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ISSN: 2321-7782 (Online

Volume 3, Issue 4, April 2015
International Journal of Advance Research in
Computer Science and Management Studies
Indian Online Start-ups: Can They Stand up Against the
Keshav Kumar
Business Management Department, Indian Institute of Management, Udaipur, India
Submitted by: Deepak Jindal (13107069)



This scholarly paper intent to explore the start-up ecosystem of India and hence compare it
with leading start-up ecosystems of the world like USA, Israel, Singapore and New Zealand
in order find gaps in our system. It compared the initiatives taken by respective Government
to boost up the ecosystem. Also analysis of current online start-up trends in India and role
of incubators and accelerators. The market segments in which start-ups are investing and
gaining success have also been focused. Factors that are hampering its progress and the
future road map of online market in India have been discussed in this paper.


In its 2014 Start-up report, NASSCOM unveiled that India is the fastest growing start-up eco-
system and with approximately 3100 start-ups it is third largest ecosystem globally. On
average, more than 800 start-ups are setting up annually. NASSCOM projected that there
would be approximately 11500 start-ups employing 250k people by 2020. At such a pace,
online platform is a gold mine for start-ups in India.

Since 2004, Indian start-ups have evolved in terms of visibility, market space and product
utility. However, start-up ecosystem in India lacks in terms of breakthrough innovation and
there is a gap in the early stage funding. This is constraining risk taking ability and innovation
of start-ups. At the same time, the culture of incubators and accelerators has provided some
relief to the India start-ups.


• India is considered to have one of the harshest environments for the start-ups to
grow. Although it is the fastest growing economy, it ranks 140th in terms of nominal
GDP per capita.
• Compared to Silicon Valley, start-ups in Bangalore are 24% more likely to be
monetized. Bangalore has been ranked 19th in global level. The amount of fund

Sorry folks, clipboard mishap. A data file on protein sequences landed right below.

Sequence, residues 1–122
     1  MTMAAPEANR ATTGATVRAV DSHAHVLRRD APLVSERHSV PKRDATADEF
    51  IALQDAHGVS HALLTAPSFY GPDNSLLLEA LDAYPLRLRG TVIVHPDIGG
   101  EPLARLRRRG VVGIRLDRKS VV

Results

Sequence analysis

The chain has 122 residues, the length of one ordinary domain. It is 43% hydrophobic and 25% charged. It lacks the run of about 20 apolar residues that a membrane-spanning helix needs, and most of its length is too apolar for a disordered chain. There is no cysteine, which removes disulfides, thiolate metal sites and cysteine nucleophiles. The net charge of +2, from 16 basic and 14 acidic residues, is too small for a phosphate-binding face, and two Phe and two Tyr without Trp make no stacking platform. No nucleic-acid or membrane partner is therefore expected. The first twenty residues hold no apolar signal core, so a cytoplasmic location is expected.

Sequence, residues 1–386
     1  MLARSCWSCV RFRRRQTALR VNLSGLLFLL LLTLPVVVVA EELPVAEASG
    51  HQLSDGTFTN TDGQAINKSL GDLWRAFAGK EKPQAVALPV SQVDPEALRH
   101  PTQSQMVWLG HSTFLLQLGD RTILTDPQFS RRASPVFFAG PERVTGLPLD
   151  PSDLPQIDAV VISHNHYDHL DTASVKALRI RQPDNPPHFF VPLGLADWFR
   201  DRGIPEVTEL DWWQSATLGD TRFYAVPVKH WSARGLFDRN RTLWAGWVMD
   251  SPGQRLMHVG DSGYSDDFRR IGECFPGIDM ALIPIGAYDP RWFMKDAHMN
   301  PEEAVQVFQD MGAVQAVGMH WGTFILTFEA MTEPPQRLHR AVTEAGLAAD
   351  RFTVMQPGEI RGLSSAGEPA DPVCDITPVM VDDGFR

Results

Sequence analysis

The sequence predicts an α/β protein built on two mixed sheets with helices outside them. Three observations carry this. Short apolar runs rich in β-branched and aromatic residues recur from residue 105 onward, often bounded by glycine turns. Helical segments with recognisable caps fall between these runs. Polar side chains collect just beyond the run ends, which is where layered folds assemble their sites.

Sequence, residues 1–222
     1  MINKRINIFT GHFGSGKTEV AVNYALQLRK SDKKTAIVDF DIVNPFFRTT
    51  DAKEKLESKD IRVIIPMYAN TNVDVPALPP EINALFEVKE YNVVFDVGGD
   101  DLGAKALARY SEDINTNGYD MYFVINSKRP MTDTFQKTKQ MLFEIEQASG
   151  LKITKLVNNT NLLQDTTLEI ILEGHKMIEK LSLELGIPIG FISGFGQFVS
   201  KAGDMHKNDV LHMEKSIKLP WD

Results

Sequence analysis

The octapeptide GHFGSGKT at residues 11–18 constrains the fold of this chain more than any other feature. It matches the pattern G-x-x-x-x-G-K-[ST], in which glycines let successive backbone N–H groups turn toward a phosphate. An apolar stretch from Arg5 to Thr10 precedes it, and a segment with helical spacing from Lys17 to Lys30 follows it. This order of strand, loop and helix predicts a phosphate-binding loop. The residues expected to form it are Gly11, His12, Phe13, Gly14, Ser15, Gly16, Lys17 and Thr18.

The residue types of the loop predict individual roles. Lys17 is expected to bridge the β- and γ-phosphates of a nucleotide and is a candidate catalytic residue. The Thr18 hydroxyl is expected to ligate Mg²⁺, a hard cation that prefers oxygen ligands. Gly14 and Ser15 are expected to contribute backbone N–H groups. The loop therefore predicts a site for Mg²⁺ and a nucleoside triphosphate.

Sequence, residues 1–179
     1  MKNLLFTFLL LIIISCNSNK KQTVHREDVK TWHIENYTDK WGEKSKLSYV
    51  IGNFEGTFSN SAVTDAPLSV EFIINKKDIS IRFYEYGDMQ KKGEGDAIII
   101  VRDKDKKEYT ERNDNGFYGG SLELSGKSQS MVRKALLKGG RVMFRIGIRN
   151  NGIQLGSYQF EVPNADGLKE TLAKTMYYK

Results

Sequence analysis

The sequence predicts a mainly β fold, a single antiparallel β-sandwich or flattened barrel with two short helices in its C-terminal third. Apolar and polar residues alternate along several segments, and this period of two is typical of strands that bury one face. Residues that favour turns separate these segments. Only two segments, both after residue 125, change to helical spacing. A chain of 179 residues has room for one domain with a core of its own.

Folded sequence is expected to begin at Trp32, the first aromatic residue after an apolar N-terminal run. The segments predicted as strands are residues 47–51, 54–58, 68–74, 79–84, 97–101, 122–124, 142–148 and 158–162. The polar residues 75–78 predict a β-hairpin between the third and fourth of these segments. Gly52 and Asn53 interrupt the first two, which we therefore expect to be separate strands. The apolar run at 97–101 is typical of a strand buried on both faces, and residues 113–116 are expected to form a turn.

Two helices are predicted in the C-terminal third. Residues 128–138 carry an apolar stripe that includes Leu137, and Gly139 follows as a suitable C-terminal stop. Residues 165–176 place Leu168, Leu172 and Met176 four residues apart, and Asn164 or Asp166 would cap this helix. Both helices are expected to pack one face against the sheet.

small number of angel investors and venture capital funds and inability of Indian banking system to lend without collateral. Conclusions: The analysis shows that online start-ups in India have come a long way since the starting of Internet technology in India. and blinded vision of the business aspect. Singapore Government provides a tax incentive to angel investors investing in Singapore based new ventures. • The major emerging markets in India are Mobile payment gateways. However. expansion and modernization of small businesses. micro-financing. In USA. However. voice recognition. • The government plays a major role in boom of start-up culture: examples. it still has a long way to go before it could catch up with its counterparts in other countries. . The entry of accelerators and incubators has played a crucial role in shaping the path for these start-ups. its ride in the last decade has been bumpy because of lack of support from Government. It invests 75% of VC fund capital to boost start-ups. 2. and mobile-ad networks. raised in Bangalore is 74% less as compared to Silicon Valley. market. The Small Business Investment Corporation (SBIC) of USA operates as a fund to supply private venture capital for financial growth. • The major factors hindering the growth of Indian start-ups are improper customer base planning. 1. The start-ups in India are 67% more likely to face smaller market then compared to start-ups in USA.